Abstract: The wavelet analysis has been applied to the Laser Doppler Fluxmetry for assessing the frequency spectrum of the flowmotion to study the microvascular function waves. Although the application of wavelet analysis has allowed a detailed evaluation of the microvascular function, its use does not seem to be yet widespread over the last two decades. Aiming to improve the diffusion of this methodology, we herein present a systematic review of the literature about the application of the wavelet analysis to the laser Doppler fluxmetry signal. A computer research has been performed on PubMed and Scopus databases from January 1990…to December 2017. The used terms for the investigation have been “wavelet analysis”, “wavelet transform analysis”, “Morlet wavelet transform” along with the terms “laser Doppler”, “laserdoppler” and/or “flowmetry” or “fluxmetry”. One hundred and eighteen studies have been found. After the scrutiny, 97 studies reporting data on humans have been selected. Fifty-three studies, 54.0% (95% CI 44.2–63.6) pooled rate, have been performed on 892 healthy subjects and 44, 45,9 % (95% CI 36.3–55.7%) pooled rate have been performed on 1679 patients. No significant difference has been found between the two groups (p 0,81). On average, the number of studies published each year was 4.8 (95% CI 3.4–6.2). The trend of studies production has increased significantly from 1998 to 2017, (p 0.0006). But only the studies on patients have shown a significant increase trend along the years (p 0.0003), than the studies on healthy subjects (p 0.09). In conclusion, this review highlights that despite being a promising and interesting methodology for the study of the microcirculatory function, the wavelet analysis has remained still neglected.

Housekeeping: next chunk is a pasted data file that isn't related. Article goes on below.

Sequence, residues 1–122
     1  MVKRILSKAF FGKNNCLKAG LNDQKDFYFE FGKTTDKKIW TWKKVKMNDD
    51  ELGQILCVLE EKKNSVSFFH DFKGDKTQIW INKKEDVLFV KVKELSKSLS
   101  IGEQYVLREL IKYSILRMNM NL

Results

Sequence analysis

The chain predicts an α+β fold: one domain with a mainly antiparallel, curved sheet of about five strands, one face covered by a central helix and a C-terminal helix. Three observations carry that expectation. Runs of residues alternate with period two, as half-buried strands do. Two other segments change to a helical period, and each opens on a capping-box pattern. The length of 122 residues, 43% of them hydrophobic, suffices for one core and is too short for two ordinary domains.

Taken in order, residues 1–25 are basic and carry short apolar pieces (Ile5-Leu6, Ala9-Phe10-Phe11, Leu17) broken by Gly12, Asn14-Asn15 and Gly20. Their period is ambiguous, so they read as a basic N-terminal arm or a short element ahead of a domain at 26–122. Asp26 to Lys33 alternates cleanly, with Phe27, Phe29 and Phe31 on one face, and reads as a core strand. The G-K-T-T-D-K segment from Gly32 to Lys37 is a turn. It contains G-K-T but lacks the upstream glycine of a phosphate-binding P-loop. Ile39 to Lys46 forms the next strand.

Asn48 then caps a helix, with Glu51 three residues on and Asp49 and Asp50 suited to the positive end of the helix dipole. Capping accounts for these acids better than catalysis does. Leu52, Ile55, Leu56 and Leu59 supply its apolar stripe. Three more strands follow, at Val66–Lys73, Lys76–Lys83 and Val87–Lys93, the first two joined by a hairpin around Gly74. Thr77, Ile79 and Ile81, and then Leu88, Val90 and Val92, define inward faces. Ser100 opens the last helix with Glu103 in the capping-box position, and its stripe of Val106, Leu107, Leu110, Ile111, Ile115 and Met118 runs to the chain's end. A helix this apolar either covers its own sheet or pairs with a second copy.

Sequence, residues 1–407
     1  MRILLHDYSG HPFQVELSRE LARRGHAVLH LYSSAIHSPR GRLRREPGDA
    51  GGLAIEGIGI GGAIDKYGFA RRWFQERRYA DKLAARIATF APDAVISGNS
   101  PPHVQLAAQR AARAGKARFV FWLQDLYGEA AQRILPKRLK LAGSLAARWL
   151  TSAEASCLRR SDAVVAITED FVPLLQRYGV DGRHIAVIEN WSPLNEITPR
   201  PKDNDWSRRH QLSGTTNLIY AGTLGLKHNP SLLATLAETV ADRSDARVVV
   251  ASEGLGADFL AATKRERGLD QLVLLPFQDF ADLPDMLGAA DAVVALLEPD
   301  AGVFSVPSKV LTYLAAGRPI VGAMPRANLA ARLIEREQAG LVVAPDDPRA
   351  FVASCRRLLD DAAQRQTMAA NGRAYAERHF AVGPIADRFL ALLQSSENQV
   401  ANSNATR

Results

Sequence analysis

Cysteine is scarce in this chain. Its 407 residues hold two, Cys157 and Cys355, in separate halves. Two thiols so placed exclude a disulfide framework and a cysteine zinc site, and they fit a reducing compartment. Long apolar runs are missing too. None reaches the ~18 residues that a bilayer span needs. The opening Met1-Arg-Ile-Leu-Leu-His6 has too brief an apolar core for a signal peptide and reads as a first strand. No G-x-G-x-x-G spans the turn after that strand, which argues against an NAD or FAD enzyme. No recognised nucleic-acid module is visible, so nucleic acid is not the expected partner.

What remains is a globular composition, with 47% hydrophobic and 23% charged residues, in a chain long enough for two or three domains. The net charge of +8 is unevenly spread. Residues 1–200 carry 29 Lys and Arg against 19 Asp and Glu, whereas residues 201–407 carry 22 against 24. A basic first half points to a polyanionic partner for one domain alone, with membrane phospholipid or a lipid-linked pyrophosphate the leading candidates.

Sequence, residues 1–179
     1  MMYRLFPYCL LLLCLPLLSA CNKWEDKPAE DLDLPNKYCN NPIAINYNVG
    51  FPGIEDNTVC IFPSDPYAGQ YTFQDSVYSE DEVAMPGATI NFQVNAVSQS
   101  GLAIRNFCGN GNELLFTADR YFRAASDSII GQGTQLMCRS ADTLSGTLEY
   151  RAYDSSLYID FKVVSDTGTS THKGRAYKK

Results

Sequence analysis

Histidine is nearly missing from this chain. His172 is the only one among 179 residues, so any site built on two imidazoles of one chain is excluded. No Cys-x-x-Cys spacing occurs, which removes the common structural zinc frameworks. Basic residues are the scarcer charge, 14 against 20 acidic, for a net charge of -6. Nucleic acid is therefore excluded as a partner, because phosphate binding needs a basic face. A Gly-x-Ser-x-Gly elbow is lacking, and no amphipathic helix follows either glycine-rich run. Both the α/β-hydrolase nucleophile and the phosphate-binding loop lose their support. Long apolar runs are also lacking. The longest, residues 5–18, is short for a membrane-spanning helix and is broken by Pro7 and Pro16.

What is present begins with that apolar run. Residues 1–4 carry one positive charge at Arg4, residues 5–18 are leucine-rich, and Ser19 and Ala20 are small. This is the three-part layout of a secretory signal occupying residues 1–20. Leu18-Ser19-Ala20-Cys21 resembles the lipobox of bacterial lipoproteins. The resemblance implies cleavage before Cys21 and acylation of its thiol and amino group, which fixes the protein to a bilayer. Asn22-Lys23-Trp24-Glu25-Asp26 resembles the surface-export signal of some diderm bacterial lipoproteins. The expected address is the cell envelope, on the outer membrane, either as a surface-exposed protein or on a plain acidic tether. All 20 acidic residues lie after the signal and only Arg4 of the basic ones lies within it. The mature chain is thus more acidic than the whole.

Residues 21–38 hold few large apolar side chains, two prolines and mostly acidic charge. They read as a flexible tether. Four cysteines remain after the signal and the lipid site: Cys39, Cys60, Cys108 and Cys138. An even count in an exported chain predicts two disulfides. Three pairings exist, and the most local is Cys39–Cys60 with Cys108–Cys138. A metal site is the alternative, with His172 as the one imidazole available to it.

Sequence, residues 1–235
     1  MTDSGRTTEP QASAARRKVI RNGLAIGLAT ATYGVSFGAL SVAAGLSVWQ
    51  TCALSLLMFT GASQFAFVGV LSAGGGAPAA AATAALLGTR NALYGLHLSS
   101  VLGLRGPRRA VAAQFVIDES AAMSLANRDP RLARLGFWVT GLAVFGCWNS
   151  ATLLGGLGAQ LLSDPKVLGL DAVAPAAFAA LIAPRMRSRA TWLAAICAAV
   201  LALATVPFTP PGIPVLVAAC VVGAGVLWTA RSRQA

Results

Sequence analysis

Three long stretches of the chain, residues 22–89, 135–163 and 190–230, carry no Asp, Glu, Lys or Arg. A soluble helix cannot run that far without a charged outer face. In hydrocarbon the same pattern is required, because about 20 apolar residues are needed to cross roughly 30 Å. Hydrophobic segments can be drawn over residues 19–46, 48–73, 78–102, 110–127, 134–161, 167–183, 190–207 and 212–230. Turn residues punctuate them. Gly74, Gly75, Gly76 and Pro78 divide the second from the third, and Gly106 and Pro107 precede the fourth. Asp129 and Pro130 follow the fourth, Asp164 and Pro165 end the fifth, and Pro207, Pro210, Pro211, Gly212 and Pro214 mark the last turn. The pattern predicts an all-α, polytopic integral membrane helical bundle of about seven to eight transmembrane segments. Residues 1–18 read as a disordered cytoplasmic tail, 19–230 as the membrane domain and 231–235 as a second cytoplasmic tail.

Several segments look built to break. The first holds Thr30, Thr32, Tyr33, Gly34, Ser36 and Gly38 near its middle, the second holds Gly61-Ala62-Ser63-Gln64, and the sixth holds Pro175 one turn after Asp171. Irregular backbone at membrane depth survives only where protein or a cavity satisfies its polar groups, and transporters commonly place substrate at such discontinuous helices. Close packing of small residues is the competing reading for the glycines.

Keywords: Wavelet analysis, laser Doppler fluxmetry, microvascular function
Abstract: BACKGROUND: The CO2 reactivity is often used to assess vascular function, but it is still unclear whether this reactivity is affected by aging. OBJECTIVE: To investigate the effects of aging on the CO2 reactivity in ocular and cerebral vessels, both of which are highly sensitive to hypercapnia, we compared the CO2 reactivity in the retinal artery (RA), retinal and choroidal vessels (RCV), optic nerve head (ONH), and middle cerebral artery (MCA) between young and middle-aged subjects. METHODS: We measured the CO2 reactivity in 14 young and 11 middle-aged males using laser-speckle flowgraphy…during a 3-min inhalation of CO2 -rich air. RESULTS: The CO2 reactivity in the RA and ONH were lower in the middle-aged group than in the young group, but no significant effect of age was observed in the RCV or MCA. The CO2 reactivity in the RA and ONH were correlated significantly with age, whereas those in the RCV or MCA were not. CONCLUSIONS: These findings suggest that there are regional differences in the effect of age on the CO2 reactivity among not only ocular and cerebral vessels, but also the retinal and choroidal vessels, even though these vessels are in neighboring areas.
Keywords: CO2 reactivity, aging, ocular vessels, cerebral vessels, vascular function